To study and look to the human being in a technological prospective, referring the movement pattern recognition, the project and control of artificial limbs, the computer based control, the nervous systems and memory, the orthopedic and tissue engineering, the implants and ethical aspects.
Apply the knowledge about control and electronics to bionic systems.
Understand the human movement patterns, in order to design systems which repeat it.
Know the different type of materials with application in bionics.
Know the different type of drives with application in bionics.
Understand the design of artificial limbs.
Understand and apply different control methods.
Interpret experimental results.
Use systems simulation software.
Know and apply the principles of ethics and bioethics.
Work individually and within a team.
Develop autonomy and leadership abilities.
Know how to read and write scientific works.
“Pattern Recognition and Machine Learning (Information Science and Statistics)”, Christopher M. Bishop, Springer, 1st Ed., 2007.
“Building a Digital Human (Graphics Series)”, Ken Brilliant, Charles River Media, 1st Ed., 2003.
“Control Theory for Humans: Quantitative Approaches To Modeling Performance”, Richard J. Jagacinski, John M. Flach, CRC, 1st Ed., 2002.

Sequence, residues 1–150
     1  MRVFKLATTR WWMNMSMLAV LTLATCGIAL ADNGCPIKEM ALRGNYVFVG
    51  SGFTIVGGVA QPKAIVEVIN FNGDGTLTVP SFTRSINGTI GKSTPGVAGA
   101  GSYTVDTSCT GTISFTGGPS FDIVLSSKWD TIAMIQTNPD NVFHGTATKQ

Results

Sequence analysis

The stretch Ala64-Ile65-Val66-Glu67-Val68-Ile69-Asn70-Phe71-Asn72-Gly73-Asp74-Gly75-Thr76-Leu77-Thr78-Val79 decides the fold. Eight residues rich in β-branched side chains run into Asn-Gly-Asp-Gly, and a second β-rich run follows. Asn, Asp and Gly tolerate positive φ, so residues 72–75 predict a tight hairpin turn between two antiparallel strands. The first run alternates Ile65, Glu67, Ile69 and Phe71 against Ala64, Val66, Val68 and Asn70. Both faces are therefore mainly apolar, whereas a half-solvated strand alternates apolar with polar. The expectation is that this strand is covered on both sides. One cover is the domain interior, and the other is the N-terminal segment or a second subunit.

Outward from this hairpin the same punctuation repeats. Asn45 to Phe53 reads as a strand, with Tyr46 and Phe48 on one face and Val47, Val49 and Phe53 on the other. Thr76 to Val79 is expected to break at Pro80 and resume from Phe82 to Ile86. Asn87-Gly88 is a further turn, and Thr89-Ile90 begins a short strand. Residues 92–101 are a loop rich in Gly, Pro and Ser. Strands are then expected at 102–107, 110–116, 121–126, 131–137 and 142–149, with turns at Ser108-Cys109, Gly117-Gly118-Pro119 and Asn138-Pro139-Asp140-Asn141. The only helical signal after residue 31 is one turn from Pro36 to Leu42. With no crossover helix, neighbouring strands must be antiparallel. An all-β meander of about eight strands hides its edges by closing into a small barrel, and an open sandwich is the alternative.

“Artificial Intelligence, A Modern Approach”, Stewart Russell & Peter Norvig, 2nd Ed, Pearson Education Inc., 2003.
“Foundations of Neural Networks, Fuzzy Systems, and Knowledge Engineering”, MIT Press, Nikola K. Kasabov, Cambridge, MA, USA, Hardcover, Oct 1996.
“Biomechanics and Motor Control of Human Movement”, David A. Winter, Wiley, 4th Ed, 2009.
“The Human Nervous System: Structure and Function”, Charles R. Noback (Editor), David A. Ruggiero, Robert J. Demarest, Norman L. Strominger (Editors), Humana Press, 6th Ed., 2005.
“Biomedical Ethics”, Thomas Mappes, David DeGrazia, McGraw-Hill, 6th Ed., 2005.
Teaching Methodologies and Assessment Criteria
The theoretical classes will cover the topics of the program and the student will be evaluated by several short tests along of the teaching period, and that will constitute the ‘continuous evaluation’ (CE) of the student.
Every student has to prepare during the semester, under the supervision of the lecturer of the discipline, a work/small project (PR) and make a PowerPoint presentation in class to the other students attending the discipline.
The practical-laboratory classes (PL) are devoted to performing several experiments/tests and simulations in computer using software such as Matlab, Excel and others.
The evaluation consists in 3 parts (already described above):
a) student work/project (PR, 60%, 12 values in 20),
b) continuous evaluation (CE, 30%, 6 values in 20), and
c) practical-laboratorial (PL, 10%, 2 values in 20).